Everyone knows that unhealthy eating can increase obesity risk, but a new study suggests that this risk is also affected by your viewing habits.

Researchers from the Cornell Food and Brand Lab at Cornell University dug deeper into research showing an association between TV viewing and higher food consumption. The team looked at eating habits based on the content being viewed by study participants. These participants, consisting of 94 undergraduates, were given snacks including M&Ms, cookies, carrots and grapes.

Study subjects were then divided into three groups. One group was shown a clip of the 2005 action film “The Island” starring Ewan McGregor. Another group was shown the same clip, but without audio. The final group was shown a clip from the PBS talk show, “Charlie Rose.”

The study shows that the participants who watched “The Island” with audio ate 98 percent more snacks than those watching the talk show. Even subjects watching “The Island” without sound ate 36 percent more than those watching “Charlie Rose.” Researchers conclude that this is because fast-paced action sequences distract people and lead to overeating.

“We find that if you're watching an action movie while snacking your mouth will see more action too!” said study lead author Aner Tal. “In other words, the more distracting the program is the more you will eat.”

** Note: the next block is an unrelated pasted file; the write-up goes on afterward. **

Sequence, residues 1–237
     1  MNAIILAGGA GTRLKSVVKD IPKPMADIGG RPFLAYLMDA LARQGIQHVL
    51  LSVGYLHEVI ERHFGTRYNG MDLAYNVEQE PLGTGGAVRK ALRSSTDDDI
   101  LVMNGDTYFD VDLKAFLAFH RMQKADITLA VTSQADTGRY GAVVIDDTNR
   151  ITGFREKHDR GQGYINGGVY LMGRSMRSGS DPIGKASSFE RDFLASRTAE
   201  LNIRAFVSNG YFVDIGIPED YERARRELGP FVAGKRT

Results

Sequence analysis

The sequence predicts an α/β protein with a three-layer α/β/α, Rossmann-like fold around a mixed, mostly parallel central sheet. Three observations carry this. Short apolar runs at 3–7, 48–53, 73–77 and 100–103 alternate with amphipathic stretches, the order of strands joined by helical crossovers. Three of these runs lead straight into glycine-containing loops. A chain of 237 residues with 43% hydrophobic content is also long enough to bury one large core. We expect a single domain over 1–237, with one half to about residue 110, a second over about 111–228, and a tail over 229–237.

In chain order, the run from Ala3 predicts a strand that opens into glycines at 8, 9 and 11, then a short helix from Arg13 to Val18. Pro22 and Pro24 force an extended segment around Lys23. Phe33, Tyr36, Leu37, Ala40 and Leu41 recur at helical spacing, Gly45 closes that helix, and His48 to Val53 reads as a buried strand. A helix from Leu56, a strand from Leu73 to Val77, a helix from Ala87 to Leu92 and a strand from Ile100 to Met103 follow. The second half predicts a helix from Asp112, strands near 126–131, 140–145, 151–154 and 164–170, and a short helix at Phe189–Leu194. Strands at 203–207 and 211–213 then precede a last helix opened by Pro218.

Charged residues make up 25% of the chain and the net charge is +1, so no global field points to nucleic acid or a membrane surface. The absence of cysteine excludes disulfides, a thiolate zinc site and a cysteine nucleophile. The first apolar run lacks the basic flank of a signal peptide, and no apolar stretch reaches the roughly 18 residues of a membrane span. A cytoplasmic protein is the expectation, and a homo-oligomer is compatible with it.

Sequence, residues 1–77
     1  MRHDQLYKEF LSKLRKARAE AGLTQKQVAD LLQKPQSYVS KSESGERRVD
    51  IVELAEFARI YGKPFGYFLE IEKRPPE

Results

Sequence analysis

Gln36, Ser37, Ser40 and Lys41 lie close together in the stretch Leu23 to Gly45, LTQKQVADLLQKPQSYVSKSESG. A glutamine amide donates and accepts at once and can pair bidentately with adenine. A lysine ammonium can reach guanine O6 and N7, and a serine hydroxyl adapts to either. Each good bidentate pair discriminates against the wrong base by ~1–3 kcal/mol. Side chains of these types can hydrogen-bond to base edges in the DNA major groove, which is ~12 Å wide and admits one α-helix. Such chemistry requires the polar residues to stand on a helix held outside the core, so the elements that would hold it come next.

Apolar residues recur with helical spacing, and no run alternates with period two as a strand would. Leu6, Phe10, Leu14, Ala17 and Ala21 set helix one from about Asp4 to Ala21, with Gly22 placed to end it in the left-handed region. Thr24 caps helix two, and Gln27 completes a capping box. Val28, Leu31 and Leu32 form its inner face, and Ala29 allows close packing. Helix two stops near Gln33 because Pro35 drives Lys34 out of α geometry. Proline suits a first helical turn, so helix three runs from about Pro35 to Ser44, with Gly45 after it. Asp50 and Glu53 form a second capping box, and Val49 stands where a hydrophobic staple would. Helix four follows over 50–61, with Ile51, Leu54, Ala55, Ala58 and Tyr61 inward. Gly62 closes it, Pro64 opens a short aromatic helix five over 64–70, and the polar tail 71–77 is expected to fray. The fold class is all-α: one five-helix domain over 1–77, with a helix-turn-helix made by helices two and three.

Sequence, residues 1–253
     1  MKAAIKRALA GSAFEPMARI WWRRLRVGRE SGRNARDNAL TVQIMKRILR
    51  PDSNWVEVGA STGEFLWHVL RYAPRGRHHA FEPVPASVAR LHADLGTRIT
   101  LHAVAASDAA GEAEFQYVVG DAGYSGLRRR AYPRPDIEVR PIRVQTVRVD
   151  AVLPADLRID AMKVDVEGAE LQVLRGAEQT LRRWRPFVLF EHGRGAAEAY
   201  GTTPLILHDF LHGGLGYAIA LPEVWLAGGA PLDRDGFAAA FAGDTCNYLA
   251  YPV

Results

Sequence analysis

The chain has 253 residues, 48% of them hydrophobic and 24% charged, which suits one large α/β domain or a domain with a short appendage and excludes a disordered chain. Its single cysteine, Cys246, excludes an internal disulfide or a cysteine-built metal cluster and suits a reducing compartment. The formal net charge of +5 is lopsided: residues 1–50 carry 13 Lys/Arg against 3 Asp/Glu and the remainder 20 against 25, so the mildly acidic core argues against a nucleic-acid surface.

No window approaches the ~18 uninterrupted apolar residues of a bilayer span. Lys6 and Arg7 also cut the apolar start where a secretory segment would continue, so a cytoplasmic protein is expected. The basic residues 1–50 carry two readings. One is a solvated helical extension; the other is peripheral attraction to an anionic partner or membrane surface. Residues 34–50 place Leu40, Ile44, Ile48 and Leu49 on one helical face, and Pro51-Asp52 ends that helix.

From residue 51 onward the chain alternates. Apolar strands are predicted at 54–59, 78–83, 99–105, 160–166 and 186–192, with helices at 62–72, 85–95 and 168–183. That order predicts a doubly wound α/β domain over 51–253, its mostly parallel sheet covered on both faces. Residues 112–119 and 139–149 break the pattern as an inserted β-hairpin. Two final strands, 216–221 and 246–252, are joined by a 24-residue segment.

Tal continues, “More stimulating programs that are fast paced, include many camera cuts, really draw you in and distract you from what you are eating. They can make you eat more because you're paying less attention to how much you are putting in your mouth.”

Researchers note that “The Island” has 24.7 camera cuts per minute, and “Charlie Rose” has 4.8 camera cuts per minute.

But, fortunately, distracted viewers watching action movies don’t care what goes it their mouths. Study co-author Brian Wansink explains that “action movie watchers also eat more healthy foods, if that's what's in front of them. Take advantage of this!"

This new study is published in the Journal of the American Medical Association's Internal Medicine.

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